One can say that marbling comes with age. Intramuscular fat, the fat known as marbling, is developed last when cattle grow. Therefore, if the animal is too young, no marbling will be displayed.
Some cuts of beef naturally have more marbling than others. We have seen that less worked cuts, like the loin, show a generous amount of marbling. Whereas cuts with finer muscle structures, such as tenderloin, have less marbling present.
Are there different types of marbling?
Yes, there are 3 different general categories of meat marbling: Fine Marbling, Medium Marbling and Coarse Marbling. Take a look below at the differences:
- Fine marbling
The best type of marbling, hence the one you want. This is normally found in lean muscles that have a high frequency of thin flecks of fat, which are evenly distributed throughout the meat. Due to the evenly distributed smaller pieces of fat, it melts quickly during cooking. As a result, you have juicy and tender meat.
- Medium marbling
Meat with larger and less evenly distributed flecks of fat fall into this category. It is an inferior form of marbling. With the presence of the larger pieces of fat, it takes longer to liquefy and is therefore not as suitable for medium rare preparation. Furthermore, the uneven distribution of fat could also lead to some areas being juicy, while other areas might already be cooked and dry.
- Coarse marbling
This is the one you want to steer clear of. It is noticeable by large uneven flecks of fat. The issues medium marbling brings, are intensified with coarse marbling.
Do we want marbled meat?
From our side, in the appropriate cuts, that would be a resounding yes. It adds juiciness to the meat. Also, as the fat melts into the meat, it therefore keeps the natural juices while cooking, preventing the meat from becoming dry. Marbling also adds tenderness, resulting in a nice soft bite of meat. Lastly, it also contains healthy fat and acids which could aid in the reduced risk of coronary heart disease.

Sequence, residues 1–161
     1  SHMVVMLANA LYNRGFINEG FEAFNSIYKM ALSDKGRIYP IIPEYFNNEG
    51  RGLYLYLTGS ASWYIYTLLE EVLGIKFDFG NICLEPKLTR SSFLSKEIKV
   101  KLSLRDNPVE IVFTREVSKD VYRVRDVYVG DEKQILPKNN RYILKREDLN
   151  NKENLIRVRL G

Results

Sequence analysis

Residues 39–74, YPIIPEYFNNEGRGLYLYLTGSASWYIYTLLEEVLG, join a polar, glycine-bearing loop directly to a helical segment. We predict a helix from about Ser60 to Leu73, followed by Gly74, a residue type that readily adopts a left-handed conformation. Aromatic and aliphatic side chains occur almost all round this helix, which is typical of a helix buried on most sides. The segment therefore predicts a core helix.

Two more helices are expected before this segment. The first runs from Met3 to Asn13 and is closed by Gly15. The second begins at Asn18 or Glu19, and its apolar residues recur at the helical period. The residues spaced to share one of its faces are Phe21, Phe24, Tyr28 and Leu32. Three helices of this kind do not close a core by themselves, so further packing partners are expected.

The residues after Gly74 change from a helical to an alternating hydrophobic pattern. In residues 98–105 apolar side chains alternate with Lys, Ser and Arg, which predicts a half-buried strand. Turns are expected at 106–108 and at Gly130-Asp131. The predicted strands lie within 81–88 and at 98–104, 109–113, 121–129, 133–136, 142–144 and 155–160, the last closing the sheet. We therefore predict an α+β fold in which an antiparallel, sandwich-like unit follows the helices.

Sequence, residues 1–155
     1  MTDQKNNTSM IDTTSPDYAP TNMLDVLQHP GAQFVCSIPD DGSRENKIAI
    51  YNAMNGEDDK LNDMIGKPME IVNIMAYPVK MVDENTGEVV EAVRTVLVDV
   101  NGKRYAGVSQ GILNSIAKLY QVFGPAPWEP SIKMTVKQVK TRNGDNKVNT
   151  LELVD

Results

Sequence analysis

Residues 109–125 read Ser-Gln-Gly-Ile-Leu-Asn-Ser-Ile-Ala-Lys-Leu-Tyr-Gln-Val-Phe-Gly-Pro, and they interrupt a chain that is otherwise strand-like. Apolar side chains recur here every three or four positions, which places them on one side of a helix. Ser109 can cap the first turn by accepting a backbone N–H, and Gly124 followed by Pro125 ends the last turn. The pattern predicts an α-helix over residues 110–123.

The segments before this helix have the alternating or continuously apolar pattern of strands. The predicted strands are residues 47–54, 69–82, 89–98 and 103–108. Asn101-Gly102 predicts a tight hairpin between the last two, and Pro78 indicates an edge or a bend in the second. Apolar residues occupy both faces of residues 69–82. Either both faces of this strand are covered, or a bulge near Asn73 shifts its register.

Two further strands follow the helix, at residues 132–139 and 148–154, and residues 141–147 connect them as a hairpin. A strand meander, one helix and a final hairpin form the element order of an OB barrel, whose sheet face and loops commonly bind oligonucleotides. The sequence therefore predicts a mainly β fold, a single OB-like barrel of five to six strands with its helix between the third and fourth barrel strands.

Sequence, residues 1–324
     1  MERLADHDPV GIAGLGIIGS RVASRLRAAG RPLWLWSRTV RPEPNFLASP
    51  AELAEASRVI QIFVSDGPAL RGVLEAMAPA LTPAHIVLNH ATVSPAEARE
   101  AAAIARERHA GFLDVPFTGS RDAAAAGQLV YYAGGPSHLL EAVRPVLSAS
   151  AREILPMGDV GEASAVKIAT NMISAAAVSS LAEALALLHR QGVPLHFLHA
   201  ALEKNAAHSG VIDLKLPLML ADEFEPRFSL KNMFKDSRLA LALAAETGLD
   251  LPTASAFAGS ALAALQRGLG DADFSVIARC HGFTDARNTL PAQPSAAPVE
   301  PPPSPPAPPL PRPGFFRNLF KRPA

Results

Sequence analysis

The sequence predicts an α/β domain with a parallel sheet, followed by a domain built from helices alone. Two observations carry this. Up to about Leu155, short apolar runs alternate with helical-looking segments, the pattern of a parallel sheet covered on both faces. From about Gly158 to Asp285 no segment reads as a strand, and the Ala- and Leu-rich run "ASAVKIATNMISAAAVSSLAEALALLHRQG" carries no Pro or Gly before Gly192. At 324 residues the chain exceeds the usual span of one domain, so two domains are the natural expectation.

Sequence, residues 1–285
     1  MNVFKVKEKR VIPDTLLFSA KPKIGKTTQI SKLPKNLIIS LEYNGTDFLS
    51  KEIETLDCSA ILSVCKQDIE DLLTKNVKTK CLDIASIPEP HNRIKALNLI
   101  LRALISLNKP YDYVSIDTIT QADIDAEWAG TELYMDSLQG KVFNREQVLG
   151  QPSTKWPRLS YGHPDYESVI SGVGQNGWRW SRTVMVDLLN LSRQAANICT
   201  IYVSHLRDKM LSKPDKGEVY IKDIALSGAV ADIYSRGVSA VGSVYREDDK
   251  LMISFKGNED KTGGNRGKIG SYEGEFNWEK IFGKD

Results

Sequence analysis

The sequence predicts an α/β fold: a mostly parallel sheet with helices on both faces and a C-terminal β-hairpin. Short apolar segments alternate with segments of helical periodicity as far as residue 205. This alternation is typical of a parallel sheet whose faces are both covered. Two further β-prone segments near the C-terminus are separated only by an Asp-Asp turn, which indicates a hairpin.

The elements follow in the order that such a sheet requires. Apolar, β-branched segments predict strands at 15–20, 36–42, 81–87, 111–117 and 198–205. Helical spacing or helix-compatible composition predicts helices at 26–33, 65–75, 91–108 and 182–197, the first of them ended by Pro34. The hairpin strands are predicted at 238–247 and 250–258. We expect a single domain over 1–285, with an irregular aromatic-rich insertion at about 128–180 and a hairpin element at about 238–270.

Putting it plainly, when it comes to cuts of meat that has marbling, the more marbling, the better the cut of meat. Now you also know what to look out for when you add your favourite cut to your online shopping cart. Ensuring you have a melt-in-your-mouth piece of meat.
What does marbling mean in meat?
Meat marbling refers to the white flecks of intramuscular fat in meat. In basic terms: It is the streaks of fat that you see in lean sections or muscles of meat. Although also present in other meat types, it is mostly seen in red meat.
Is meat marbling good for you?
The type of fat that is referred to as marbling, is unsaturated fat. This is the healthy type of fat you want to eat more of. Due to the fact that there is more unsaturated fat, this leaves less space for saturated fatty acids and trans-fatty acids.
Does marbling affect tenderness meat?
Marbling is known for adding flavour to the meat. It also affects the juiciness, texture and tenderness of the meat. As the fat melts into the meat, it therefore keeps the natural juices while cooking, preventing the meat from becoming dry.
What causes marbling in meat?
Breed, Feed, Muscle use, Age and cut.